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Research Article: Electrifying Rural America

This encyclopedia article consists of approximately 15 pages of information about Electrifying Rural America.
This section contains 4,388 words
(approx. 15 pages at 300 words per page)
Purchase our Electrifying Rural America Encyclopedia Article

Electrifying Rural America

For many Americans in the 1930s one of the most memorable experiences of a lifetime was the day electric power came to their home. Often with great anticipation homes were readied for "zero hour," the moment the lines were energized. Homes were wired, bulbs were hung, a radio was in place, and, if the family could afford them, appliances such as electric ranges and refrigerators were installed and ready.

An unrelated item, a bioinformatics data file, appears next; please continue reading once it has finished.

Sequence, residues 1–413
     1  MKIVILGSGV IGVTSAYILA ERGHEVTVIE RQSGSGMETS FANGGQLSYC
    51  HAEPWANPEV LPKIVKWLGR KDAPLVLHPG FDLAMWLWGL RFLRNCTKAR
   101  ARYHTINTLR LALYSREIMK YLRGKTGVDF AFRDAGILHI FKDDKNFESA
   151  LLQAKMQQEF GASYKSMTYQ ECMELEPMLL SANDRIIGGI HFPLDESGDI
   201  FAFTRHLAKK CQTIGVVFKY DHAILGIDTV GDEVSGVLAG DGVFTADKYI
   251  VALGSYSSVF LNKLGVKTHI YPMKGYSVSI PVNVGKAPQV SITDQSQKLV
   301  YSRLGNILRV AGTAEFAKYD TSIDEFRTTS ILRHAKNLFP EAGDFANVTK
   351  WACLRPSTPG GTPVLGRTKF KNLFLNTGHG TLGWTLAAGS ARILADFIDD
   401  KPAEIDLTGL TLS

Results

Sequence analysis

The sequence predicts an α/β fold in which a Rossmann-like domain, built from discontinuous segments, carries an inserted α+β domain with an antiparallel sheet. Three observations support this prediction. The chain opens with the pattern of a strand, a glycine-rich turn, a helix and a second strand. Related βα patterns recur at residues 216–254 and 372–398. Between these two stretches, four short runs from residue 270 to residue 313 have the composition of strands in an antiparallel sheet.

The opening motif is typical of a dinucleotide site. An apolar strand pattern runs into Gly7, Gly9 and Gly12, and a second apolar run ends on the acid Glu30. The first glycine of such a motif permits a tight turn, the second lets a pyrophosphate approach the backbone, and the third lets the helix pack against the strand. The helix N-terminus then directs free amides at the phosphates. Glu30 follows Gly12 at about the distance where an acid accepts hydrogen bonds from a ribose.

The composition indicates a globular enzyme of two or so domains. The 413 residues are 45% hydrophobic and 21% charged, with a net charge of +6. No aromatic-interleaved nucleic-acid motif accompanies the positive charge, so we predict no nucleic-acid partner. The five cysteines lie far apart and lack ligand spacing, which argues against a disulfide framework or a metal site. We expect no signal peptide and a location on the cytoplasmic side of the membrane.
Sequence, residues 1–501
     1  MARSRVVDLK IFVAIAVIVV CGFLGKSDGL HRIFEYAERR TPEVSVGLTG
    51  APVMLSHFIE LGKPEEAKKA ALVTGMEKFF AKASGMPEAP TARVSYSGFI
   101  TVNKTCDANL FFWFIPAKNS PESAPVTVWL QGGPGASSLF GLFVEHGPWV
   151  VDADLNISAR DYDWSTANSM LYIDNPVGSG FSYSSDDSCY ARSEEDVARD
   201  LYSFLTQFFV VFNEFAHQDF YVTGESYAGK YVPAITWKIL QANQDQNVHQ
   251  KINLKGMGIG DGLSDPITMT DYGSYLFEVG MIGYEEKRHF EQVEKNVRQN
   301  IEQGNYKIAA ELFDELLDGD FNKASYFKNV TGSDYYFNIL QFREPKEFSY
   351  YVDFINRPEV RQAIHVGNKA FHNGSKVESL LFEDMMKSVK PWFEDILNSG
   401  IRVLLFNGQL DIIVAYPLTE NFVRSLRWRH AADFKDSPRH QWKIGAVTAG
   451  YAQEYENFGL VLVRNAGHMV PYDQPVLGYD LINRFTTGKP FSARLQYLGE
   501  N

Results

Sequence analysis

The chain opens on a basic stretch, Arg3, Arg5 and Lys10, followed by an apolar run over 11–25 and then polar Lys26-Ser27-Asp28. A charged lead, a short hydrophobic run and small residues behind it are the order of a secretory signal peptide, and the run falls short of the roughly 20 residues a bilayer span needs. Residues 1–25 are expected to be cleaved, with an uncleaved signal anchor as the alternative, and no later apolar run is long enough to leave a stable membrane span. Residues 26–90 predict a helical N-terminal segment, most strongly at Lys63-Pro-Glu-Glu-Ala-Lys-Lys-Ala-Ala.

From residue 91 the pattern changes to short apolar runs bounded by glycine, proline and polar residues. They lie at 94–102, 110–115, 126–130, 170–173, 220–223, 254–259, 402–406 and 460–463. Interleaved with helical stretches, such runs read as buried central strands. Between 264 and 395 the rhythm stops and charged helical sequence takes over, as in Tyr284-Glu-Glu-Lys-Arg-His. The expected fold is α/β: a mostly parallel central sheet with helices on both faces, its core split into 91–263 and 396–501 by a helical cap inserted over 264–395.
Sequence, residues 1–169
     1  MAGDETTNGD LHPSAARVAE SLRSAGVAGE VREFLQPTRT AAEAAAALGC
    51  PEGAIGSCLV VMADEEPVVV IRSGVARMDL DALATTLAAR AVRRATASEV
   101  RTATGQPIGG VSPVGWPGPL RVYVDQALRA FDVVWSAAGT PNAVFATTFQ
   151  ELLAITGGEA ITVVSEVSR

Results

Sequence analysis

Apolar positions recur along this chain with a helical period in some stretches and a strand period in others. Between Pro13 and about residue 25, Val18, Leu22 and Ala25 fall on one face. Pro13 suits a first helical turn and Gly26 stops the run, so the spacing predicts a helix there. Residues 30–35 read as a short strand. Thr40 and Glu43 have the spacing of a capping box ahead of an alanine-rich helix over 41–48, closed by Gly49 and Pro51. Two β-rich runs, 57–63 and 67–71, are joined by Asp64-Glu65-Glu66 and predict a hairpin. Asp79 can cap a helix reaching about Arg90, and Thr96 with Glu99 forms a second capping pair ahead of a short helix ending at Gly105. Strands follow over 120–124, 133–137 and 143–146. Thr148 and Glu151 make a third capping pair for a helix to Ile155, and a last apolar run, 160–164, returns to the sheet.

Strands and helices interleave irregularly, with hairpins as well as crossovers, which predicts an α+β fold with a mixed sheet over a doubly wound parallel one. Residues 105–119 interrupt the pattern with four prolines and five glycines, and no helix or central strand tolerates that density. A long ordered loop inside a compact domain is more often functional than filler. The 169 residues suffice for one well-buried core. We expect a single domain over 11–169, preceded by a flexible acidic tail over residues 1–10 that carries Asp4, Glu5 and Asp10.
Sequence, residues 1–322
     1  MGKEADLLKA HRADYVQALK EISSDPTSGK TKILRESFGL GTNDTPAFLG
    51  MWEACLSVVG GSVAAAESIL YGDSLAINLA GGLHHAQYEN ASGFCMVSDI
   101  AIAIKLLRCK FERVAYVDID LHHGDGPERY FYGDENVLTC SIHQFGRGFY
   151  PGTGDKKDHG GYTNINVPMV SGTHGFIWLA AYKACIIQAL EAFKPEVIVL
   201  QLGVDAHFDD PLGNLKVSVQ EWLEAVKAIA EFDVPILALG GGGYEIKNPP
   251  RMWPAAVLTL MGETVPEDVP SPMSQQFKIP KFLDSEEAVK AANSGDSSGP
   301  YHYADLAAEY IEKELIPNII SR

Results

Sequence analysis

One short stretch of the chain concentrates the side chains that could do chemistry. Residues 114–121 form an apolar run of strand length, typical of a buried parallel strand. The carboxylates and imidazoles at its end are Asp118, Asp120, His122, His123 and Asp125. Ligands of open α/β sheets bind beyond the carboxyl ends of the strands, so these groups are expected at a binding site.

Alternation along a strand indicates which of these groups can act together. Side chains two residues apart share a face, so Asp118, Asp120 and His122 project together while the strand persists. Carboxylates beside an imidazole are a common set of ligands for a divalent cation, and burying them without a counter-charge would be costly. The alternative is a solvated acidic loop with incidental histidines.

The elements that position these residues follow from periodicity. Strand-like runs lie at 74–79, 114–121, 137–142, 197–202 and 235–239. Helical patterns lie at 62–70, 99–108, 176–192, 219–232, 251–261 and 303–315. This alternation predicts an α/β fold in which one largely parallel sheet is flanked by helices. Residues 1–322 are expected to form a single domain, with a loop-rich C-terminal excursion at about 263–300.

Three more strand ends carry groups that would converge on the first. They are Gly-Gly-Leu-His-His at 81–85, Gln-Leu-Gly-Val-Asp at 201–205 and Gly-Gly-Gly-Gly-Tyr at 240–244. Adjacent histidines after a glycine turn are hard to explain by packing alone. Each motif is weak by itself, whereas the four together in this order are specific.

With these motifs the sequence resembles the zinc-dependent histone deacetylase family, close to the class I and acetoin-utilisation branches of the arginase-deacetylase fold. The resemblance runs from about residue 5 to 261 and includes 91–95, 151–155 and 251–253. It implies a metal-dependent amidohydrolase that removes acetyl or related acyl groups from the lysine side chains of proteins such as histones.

The push to bring electricity to all corners of America—including isolated rural farms—began with the presidential campaign of 1932. The Democratic candidate, Franklin D. Roosevelt (1882–1945), promoted the goal of rural electrification, and in November he won the presidency by a landslide. Americans caught in the depths of the Great Depression (1929–41), the worst economic crisis in U.S. history, had pinned all their hopes on the new president.

Few Electrified Farms

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This section contains 4,388 words
(approx. 15 pages at 300 words per page)
Purchase our Electrifying Rural America Encyclopedia Article
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